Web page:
There’s an old saying in racing that the best way to turn $1million into $100 is to buy a racehorse. The reality is that the number of people who make big money from horse racing are few, and seasoned owners admit that the benefits are more fun than financial gain.
But, to the punters who stand at the rails at events such as the Brisbane Winter Racing Carnival, Magic Millions and the Melbourne Cup, horse racing looks like a sport full of glamour, excitement and lots of money.
During the Brisbane Winter Carnival more than $8 million will be distributed in prize money. By the end of this financial year later this month $75million in prize money will be handed out to winners across the state – and more than 46,000 starters have been competing for a share! But that does nothing to slow the bidding at the annual Magic Millions sales on the Gold Coast where, last January alone, more than $76million changed hands over the best horseflesh in the country.
Horse racing might be called the Sport of Kings but it’s not just for the rich and famous. One of the most cost-effective ways to own a racehorse is to join a syndicate or ‘partnership’. There are registered syndicators who can help novices to get into racehorse ownership. And it’s becoming a popular investment. Adam Watt who, with his father Dean, is one of Australia’s leading syndicators and bloodstock agents, has seen a shift in their investors at Dynamic Syndications in recent years. “Three years ago, when we took our horses to the marketplace, the uptake was about 70 per cent from existing clients and 30 per cent new owners. However, in the past two seasons we are finding it’s more like 70 per cent new clients and 30 per cent existing clients buying into our annual stock offering,” he says.
Robert Heathcote, Brisbane’s premier trainer for the past three seasons, has earned his stripes the hard way and knows better than most the highs and lows of horse racing. “The feeling you experience when you win a race, whether it’s at Eagle Farm or Esk, is a feeling that becomes addictive,” he tells bmag ahead of the premier event of the Brisbane Winter Racing Carnival – AAMI Stradbroke Day on Saturday 8 June.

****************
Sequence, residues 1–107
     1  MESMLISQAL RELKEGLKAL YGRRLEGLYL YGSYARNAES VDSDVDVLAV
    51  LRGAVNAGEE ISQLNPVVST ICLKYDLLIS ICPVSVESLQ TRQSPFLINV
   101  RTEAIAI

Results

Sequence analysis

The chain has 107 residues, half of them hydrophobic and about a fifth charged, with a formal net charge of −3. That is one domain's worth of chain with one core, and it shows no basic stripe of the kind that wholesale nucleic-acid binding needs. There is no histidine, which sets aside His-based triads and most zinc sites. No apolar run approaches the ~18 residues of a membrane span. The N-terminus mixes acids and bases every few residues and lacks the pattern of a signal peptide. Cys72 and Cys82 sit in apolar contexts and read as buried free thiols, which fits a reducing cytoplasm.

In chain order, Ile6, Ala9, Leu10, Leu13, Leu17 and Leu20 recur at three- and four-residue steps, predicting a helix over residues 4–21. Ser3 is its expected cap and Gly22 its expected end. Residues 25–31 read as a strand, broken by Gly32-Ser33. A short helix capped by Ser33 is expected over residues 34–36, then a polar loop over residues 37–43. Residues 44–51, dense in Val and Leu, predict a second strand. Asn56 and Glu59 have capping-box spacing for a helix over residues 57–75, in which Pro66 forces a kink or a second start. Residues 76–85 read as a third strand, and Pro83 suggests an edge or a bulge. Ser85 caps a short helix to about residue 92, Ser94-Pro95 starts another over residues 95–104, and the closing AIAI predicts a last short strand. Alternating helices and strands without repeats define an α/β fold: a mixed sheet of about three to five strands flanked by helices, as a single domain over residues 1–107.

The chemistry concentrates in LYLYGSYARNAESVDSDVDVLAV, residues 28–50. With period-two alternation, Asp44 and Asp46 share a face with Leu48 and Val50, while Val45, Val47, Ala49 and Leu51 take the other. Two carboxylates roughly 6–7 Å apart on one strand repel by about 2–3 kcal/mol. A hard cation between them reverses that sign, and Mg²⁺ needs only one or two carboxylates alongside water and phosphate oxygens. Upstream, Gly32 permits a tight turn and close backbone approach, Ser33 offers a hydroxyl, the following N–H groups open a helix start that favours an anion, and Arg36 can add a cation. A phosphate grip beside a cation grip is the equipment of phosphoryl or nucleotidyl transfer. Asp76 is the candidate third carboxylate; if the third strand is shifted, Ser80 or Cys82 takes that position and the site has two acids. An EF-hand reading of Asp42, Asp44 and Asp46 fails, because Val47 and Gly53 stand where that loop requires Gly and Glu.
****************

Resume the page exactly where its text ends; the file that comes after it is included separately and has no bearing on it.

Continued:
“When you enter a partnership and buy a racehorse the owners develop a sense of friendship, and when you win a race together it becomes a sense of achievement.”
“Good horses don’t grow on trees but when you get a good one it’s an amazing experience,” says Heathcote. He speaks from experience as he paid just $22,000 for his current stable star Buffering and offered 10 per cent shares to 10 ‘partners’ in the horse. So far Buffering’s prize money has soared well past $2million which includes a third place in the Doomben 10,000 just over two weeks ago. But, before you see big dollars before your eyes in this potential investment, Heathcote points out that one of the 10 per cent shares in Buffering is divided between 20 owners.
Heathcote suggests anyone considering ownership should first ask themselves the question, “why do I want to own a racehorse?”
“Do your research. Make sure you speak to as many people as possible and always deal with registered syndicators. And it pays to approach registered bloodstock agents when buying a horse. There are some very well-qualified people with proven track records in buying winners.”
And don’t forget to factor in the ongoing costs of ownership – training and maintenance! While there is no set fee that horse trainers charge, costs range from $65 to $100 per day depending on the trainer’s track record, qualifications and location.
In addition to daily training fees, incidentals such as farrier work, chiropractor and vet fees and race nominations mean monthly bills can range from $2000 to $4000 per horse.
Queensland Racehorse Owners’ Association president Kerrina King says being involved in the horse racing community is like being a member of a big extended family but she warns expenses are considerable. King has raced horses for 17 years and she says taking the highs with the lows is part and parcel of the game.
“Things happen in racing that you can’t predict. Horses are delicate animals and they can injure themselves. Then there are bad barrier draws to contend with, sometimes jockeys put in bad rides, sometimes horses get interfered with – the list of things that can go wrong is endless. Winning is fantastic – losing is character building.
“Racing can be expensive but it is affordable if you get into a syndicate,” she says.
“And you must get a vet inspection before you sign for a horse; it has to be an independent assessment from a registered vet.”